If you blink, you could easily miss one of Elon Musk’s many SpaceX projects. The man has so many plates in the air, it’s a wonder they don’t all come crashing down. Which is the last thing you’d want with his little-noticed Starlink plan, an audacious attempt to bring high-speed internet access to the entire world by launching 11,925 satellites into orbit. That represents a nearly seven-fold increase over the estimated 1,738 active satellites currently aloft. The first two Starlink craft will be launched by SpaceX this Saturday, February 17.
Interestingly, as hard as it is to keep anything related to Musk quiet, he and SpaceX haven’t exactly been going out of their way to publicize Starlink beyond the initial announcement in 2015. When asked about the project during a Falcon Heavy press conference, Musk deflected the question: “Off topic. Today’s topic is Falcon Heavy.” One person who does know about it is FCC chair Ajit Pai, who has just endorsed the project, with the FCC having signed off in November 2017 on its upcoming first test deployment.
Elon Musk at Falcon Heavy press conference (Photo: Brendan Smialowski)
What Musk has in mind is ubiquitous high-speed, one-gigabit internet connectivity for the entire world, delivered via a network of interconnected satellites, low-cost ground stations, and roof-mounted user terminals costing $100 to $300 each. In her November testimony, SpaceX’s Patricia Cooper spoke about how all this hardware will work together: “For the end consumer, SpaceX user terminals—essentially, a small flat panel, roughly the size of a laptop—will use similar phased array technologies to allow for highly directive, steered antenna beams that track the system’s low-Earth orbit satellites. In space, the satellites will communicate with each other using optical inter-satellite links, in effect creating a ‘mesh network’ flying overhead that will enable seamless network management and continuity of service.”
Musk believes there are billions and billions of dollars to be made by being the world’s preeminent, and first, high-speed provider. When he first revealed the project in 2015 during a visit to Seattle—Starlink HQ is being developed in nearby Redmond—Musk said the system could provide low-cost broadband around the world, and that revenues from Starlink could help finance SpaceX’s Mars settlements. “The focus is going to be on creating a global communications system,” said Musk, admitting, “This is quite an ambitious effort. We’re really talking about something which is, in the long term, like rebuilding the Internet in space.”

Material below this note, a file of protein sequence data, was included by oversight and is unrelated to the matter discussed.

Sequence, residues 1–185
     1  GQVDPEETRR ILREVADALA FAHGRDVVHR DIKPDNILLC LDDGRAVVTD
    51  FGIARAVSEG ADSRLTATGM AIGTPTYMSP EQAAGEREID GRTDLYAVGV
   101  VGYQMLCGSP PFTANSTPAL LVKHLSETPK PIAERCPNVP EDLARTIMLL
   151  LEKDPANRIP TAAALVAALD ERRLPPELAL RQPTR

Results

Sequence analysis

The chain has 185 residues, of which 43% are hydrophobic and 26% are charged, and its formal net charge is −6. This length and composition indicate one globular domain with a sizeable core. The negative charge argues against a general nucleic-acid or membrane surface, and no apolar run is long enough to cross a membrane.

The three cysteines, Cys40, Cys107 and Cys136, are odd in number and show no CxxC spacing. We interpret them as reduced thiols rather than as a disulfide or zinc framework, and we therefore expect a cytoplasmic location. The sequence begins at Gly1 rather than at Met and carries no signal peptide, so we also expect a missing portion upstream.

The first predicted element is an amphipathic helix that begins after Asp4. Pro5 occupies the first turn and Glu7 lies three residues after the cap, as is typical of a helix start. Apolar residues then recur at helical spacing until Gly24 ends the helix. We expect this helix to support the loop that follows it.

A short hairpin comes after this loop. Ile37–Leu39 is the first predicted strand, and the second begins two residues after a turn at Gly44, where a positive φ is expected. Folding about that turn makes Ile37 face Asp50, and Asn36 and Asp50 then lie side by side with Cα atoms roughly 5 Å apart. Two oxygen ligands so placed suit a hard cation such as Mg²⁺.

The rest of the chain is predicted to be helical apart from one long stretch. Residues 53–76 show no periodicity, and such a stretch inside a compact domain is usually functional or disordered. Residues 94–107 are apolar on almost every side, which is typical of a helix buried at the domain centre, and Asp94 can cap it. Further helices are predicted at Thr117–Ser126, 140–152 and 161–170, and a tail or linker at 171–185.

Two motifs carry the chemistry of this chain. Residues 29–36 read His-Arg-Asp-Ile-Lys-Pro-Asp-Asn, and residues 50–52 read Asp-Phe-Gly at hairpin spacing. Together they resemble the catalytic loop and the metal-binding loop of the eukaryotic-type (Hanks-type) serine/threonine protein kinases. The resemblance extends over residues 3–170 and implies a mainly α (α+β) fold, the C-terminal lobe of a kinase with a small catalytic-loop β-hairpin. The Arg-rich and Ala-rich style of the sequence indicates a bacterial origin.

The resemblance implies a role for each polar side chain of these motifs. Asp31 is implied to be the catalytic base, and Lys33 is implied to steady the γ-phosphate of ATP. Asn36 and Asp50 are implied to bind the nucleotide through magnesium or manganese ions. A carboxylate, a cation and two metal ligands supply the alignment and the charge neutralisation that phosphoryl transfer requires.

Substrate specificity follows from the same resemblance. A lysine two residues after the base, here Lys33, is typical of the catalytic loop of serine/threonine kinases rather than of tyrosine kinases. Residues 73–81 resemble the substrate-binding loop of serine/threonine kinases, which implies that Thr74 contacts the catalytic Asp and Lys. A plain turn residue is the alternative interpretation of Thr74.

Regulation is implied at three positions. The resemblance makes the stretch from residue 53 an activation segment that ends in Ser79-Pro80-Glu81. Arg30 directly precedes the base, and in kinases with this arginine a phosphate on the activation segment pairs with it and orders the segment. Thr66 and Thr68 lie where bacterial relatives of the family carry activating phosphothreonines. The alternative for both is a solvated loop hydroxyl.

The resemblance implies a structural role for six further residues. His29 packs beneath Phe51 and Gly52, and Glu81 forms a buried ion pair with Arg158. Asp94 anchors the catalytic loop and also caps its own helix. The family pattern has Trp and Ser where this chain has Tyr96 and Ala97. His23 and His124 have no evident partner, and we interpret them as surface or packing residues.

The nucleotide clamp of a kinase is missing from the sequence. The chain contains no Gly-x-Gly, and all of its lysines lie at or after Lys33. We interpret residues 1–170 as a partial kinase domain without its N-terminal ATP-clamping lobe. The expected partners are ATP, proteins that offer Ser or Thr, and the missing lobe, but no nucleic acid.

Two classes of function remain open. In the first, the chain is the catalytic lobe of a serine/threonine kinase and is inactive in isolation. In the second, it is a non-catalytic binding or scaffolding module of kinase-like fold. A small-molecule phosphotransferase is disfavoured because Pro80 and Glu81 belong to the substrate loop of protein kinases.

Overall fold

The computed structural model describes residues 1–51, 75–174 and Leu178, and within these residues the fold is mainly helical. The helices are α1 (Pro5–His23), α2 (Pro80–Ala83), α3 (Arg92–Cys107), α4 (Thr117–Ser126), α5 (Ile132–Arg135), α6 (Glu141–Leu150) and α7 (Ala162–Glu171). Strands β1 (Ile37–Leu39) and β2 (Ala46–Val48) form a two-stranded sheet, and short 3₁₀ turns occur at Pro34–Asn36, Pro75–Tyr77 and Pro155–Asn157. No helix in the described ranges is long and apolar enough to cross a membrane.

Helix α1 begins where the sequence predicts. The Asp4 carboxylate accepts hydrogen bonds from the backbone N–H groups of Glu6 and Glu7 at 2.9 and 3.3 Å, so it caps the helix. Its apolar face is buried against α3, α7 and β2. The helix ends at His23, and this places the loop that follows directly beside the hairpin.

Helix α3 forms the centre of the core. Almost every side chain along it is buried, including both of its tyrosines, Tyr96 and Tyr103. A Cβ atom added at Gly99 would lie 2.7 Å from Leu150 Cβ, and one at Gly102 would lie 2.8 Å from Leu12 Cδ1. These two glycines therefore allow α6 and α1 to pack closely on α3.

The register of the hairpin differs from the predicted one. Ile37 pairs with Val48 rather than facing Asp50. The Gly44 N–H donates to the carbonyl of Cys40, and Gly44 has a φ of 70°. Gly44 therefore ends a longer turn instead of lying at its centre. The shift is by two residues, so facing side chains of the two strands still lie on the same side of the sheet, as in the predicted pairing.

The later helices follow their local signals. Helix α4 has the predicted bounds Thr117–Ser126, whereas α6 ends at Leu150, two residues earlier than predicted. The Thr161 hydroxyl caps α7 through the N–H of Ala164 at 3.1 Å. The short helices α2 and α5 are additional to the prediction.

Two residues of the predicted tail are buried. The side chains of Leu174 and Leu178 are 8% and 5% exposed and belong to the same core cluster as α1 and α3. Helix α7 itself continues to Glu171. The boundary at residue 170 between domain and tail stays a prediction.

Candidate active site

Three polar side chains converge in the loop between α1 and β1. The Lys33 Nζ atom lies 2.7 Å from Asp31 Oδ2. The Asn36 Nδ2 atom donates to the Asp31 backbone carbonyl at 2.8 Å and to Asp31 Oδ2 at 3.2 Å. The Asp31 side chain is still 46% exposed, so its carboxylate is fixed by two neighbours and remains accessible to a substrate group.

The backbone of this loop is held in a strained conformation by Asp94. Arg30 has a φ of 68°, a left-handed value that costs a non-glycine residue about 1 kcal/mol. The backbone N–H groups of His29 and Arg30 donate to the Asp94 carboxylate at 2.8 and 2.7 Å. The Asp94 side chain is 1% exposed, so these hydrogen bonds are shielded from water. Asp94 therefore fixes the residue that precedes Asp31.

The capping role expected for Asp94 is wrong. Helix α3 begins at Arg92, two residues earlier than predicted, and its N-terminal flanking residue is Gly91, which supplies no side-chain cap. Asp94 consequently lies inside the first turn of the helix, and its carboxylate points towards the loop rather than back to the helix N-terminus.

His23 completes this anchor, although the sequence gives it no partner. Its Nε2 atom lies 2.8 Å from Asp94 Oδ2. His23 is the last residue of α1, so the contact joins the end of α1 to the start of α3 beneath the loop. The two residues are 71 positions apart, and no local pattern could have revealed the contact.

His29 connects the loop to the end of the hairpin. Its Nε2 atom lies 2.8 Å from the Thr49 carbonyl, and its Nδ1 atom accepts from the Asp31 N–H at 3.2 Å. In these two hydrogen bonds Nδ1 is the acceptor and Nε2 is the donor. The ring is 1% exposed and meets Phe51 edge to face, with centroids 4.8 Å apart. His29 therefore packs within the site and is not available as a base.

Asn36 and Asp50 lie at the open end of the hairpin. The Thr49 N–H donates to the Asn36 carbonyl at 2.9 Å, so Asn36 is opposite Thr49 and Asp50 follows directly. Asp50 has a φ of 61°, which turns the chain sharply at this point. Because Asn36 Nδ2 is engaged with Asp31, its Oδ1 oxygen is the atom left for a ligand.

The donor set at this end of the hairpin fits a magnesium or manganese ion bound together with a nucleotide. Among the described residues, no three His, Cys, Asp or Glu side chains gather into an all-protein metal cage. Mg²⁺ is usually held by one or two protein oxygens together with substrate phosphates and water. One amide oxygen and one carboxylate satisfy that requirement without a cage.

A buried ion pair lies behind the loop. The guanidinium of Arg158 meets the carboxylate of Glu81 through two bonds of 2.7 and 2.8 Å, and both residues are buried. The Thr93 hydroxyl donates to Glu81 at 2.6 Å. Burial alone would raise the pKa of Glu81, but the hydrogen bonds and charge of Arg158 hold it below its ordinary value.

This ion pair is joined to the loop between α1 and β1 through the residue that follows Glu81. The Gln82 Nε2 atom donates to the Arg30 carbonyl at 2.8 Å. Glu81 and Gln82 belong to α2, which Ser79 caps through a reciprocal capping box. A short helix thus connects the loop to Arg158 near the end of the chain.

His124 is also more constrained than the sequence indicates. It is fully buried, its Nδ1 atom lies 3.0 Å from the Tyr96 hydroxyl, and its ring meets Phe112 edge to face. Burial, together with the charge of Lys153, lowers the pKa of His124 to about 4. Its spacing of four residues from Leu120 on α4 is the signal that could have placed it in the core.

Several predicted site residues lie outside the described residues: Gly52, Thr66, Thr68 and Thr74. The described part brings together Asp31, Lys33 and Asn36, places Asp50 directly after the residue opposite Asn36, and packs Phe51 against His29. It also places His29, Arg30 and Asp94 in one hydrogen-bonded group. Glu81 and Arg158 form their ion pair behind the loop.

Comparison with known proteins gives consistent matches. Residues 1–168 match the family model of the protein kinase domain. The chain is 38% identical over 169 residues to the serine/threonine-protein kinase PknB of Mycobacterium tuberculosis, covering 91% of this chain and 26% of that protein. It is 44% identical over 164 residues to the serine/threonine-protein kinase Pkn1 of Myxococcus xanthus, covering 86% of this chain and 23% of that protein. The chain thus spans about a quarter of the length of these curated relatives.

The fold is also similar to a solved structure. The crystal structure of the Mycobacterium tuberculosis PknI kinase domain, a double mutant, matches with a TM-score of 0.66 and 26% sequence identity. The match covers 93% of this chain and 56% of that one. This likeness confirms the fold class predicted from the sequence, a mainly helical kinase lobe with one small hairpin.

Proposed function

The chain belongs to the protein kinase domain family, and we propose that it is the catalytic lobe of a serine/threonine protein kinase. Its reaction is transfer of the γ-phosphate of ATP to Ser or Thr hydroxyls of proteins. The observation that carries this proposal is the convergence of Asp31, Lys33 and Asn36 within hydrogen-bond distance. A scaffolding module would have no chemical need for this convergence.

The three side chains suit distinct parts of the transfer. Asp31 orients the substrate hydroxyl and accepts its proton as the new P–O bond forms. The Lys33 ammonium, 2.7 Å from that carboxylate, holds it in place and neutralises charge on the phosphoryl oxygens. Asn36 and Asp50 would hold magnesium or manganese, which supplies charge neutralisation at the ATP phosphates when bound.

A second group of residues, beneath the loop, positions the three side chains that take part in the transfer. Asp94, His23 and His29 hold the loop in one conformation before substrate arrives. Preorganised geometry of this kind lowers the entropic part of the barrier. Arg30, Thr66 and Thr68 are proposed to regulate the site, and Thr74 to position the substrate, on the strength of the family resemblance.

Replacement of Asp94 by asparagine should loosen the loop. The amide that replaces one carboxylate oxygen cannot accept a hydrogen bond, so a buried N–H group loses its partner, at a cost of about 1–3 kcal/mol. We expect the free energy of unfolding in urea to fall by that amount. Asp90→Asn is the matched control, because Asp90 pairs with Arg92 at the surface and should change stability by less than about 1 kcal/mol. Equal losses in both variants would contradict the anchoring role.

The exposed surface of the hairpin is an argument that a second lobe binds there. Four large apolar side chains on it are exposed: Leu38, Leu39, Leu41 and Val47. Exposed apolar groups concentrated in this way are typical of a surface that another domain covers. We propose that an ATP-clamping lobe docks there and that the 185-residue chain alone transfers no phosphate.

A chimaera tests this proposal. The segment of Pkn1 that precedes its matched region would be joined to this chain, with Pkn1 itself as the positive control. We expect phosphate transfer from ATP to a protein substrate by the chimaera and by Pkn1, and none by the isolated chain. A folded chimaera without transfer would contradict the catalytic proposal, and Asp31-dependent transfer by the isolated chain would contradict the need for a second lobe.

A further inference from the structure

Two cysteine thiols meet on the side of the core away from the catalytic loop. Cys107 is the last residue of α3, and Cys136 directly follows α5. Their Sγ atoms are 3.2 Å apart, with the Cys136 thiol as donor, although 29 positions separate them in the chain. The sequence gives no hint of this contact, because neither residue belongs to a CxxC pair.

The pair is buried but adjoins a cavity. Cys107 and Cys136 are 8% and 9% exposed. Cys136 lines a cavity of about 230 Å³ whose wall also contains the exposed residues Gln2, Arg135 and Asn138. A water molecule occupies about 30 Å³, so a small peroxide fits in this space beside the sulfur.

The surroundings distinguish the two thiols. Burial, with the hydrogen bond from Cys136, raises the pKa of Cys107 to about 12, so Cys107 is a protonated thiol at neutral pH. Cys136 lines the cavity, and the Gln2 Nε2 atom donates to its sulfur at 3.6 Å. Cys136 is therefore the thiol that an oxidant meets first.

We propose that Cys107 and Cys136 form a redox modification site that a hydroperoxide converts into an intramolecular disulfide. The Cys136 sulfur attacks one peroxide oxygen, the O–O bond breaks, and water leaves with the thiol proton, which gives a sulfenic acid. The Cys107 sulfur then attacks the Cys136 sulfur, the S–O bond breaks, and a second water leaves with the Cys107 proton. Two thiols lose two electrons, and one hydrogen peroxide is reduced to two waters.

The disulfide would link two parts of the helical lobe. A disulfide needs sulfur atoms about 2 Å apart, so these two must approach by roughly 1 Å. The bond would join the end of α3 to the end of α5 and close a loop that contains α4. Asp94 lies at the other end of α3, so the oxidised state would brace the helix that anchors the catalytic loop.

In addition to internet service, when SpaceX applied for the Starlink trademark in August 2017, it added providing “satellite photography services” and “remote sensing services, namely, aerial surveying through the use of satellites” to its goals.
The FCC is the authorizing body for U.S. satellite launches, and much of what we know comes from SpaceX’s filing for permission from the FCC to launch 4,425 broadband and linked satellites orbiting between 715 miles and 790 miles above Earth’s surface. The plan also calls for another 7,500 satellites in lower orbit eventually.
The satellites themselves are smaller than current multi-ton telecom craft. Each will be about the size of a MINI Cooper and will weigh about 850 pounds. According to SpaceX, a Starlink satellite will be able to cover an area about 1,300 miles wide, or roughly the distance from Maine to Florida.
The first group of 4,425 satellites will be deployed in two phases. SpaceX says that once half of the first 16,000 are in orbit, the company will be able to “provide widespread U.S. and international coverage for broadband services.” After that, the launch of another 2,825 satellites will complete phase one. The entire system will have to be in place before one-gigabit connectivity is available everywhere. That would be worth waiting for, though, as a huge leap in speed from the current average of 5.1 Mbps per second. Even more important would be the delivery of internet connectivity to countless places where technical challenges currently make such services too costly, or impossible. In his recent endorsement of the entire Starlink initiative, Pai said, “Satellite technology can help reach Americans who live in rural or hard-to-serve places where fiber optic cables and cell towers do not reach.”
Of course, Pai’s concern is primarily with the U.S., but the network will range far beyond our boundaries, which raises an interesting consideration: Should other nations have a say in the deployment of so many satellites overhead, or even share in the revenue they generate? Who owns Earth’s orbit, anyway?
Once launched, the Starlink satellites will join currently active satellites and about 500,000 pieces of space junk including older, non-functional craft, as well as debris. Musk was asked about this at the 2015 announcement, and responded, “I wouldn’t worry too much about the space junk thing… We’re talking about something about the 1100 km level and there’s just not a lot up there… we’re going to make sure that we can deal with the satellites effectively and have them burn up on reentry and have the debris kind of land in the Pacific somewhere.”
Saturday, Feb. 17 2018 will see the launch of the first two Starlink satellites, Microsat-2a and Microsat-2b, from California’s Vandenberg Air Force Base aboard a SpaceX Falcon 9. They’ll tag along on the rocket’s main mission of launching Spanish radar satellite Paz into orbit.